1. 2. Worship Him with free and heartfelt expression. “God is Spirit, and those who worship Him must worship in spirit and truth” (John 4:24). Worshiping in spirit refers to the human spirit, including our innermost thoughts and feelings. In short, our worship should be deep, enthusiastic, and in accordance with the truth of God’s Word.

The Bible admonishes, “Do not quench the Spirit” (I Thessalonians 5:19). We must let the Lord work as He wills. When He does, then we can expect great emotional and spiritual freedom. “Now the Lord is the Spirit; and where the Spirit of the Lord is, there is liberty” (II Corinthians 3:17).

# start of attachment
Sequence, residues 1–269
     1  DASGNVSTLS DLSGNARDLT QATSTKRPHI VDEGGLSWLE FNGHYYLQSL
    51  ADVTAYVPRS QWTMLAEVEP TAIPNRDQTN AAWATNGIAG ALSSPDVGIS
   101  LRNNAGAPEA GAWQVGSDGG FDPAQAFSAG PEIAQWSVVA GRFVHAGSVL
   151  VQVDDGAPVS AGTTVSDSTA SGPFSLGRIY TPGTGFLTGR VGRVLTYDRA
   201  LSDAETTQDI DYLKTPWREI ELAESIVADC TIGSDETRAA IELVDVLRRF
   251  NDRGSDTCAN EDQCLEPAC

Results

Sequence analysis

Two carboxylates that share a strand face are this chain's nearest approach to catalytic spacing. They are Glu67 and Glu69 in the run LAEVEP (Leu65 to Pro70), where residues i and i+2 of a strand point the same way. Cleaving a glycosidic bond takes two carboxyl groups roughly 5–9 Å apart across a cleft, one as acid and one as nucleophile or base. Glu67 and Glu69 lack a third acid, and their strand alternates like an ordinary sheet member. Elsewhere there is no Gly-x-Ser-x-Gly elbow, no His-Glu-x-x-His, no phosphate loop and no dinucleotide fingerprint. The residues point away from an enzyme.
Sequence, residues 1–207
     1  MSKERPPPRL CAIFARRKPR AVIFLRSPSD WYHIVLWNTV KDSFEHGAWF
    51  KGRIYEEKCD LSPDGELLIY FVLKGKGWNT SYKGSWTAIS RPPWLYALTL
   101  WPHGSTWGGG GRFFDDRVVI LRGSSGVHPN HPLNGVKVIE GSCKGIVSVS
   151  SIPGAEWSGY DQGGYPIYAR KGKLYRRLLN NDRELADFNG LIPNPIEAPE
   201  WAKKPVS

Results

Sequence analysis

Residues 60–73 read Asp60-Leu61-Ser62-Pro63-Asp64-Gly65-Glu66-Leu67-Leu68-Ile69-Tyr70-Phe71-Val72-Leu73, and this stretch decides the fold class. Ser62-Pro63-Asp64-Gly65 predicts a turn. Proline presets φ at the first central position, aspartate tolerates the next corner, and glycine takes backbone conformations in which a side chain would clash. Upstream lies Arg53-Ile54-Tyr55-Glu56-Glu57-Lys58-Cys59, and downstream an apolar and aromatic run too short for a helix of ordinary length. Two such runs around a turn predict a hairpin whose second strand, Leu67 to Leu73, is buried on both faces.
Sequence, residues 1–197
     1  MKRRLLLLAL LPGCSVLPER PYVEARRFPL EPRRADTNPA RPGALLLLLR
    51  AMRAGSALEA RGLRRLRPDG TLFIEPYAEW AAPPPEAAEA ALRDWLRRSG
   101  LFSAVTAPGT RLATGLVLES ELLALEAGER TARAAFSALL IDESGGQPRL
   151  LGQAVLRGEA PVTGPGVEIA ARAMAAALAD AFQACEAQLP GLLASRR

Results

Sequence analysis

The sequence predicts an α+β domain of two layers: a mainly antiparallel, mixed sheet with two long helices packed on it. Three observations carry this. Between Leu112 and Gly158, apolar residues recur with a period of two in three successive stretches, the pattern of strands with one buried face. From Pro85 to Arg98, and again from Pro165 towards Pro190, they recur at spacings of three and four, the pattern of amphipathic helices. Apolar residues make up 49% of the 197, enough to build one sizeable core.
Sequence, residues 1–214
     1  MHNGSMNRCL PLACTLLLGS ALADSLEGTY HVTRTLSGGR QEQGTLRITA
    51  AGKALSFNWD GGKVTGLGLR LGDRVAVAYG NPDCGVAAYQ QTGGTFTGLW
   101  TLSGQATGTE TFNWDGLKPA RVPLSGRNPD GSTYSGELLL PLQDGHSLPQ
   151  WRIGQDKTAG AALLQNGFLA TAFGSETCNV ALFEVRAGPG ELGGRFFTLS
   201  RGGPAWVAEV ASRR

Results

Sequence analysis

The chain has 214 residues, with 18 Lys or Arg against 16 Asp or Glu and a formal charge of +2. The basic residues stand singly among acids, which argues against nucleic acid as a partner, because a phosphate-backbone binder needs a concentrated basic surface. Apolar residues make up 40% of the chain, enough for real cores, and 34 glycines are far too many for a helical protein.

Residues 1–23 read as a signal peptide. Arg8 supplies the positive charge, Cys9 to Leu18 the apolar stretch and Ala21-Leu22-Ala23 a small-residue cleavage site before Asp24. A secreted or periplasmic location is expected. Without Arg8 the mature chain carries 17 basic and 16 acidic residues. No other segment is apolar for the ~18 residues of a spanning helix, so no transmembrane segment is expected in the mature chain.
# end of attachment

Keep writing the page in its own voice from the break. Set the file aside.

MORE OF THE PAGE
As Pentecostals often emphasize, worship must go beyond preconception, ritual, and tradition and truly involve the heart. We should consider, however, that there can be Pentecostal rituals and traditions. For instance, some people use certain praise clichés without seriously considering their meaning. Others think that unless they or the congregation have worshiped in a certain physically demonstrative way, then there has not been deep worship or a great move of God.

These ideas are a hindrance to true worship and the freedom of the Spirit. Not every service will be the same, and not every individual will respond in the same way. Some may cry, some laugh, some dance, some leap, some fall on their face before God, and some may simply bask in His presence.